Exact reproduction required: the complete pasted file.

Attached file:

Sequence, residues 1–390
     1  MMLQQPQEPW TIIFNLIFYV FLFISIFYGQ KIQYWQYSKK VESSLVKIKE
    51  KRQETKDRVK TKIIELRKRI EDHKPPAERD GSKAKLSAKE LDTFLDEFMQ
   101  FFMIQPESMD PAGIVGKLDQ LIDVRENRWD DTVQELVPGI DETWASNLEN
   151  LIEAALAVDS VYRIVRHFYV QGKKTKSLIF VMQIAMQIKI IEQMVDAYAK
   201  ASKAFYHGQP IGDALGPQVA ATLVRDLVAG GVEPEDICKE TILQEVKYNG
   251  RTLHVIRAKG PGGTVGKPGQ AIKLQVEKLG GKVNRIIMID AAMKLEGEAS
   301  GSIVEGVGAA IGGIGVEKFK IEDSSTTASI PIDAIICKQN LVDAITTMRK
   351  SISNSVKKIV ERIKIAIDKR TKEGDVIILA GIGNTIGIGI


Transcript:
Sequence, residues 1–390
     1  MMLQQPQEPW TIIFNLIFYV FLFISIFYGQ KIQYWQYSKK VESSLVKIKE
    51  KRQETKDRVK TKIIELRKRI EDHKPPAERD GSKAKLSAKE LDTFLDEFMQ
   101  FFMIQPESMD PAGIVGKLDQ LIDVRENRWD DTVQELVPGI DETWASNLEN
   151  LIEAALAVDS VYRIVRHFYV QGKKTKSLIF VMQIAMQIKI IEQMVDAYAK
   201  ASKAFYHGQP IGDALGPQVA ATLVRDLVAG GVEPEDICKE TILQEVKYNG
   251  RTLHVIRAKG PGGTVGKPGQ AIKLQVEKLG GKVNRIIMID AAMKLEGEAS
   301  GSIVEGVGAA IGGIGVEKFK IEDSSTTASI PIDAIICKQN LVDAITTMRK
   351  SISNSVKKIV ERIKIAIDKR TKEGDVIILA GIGNTIGIGI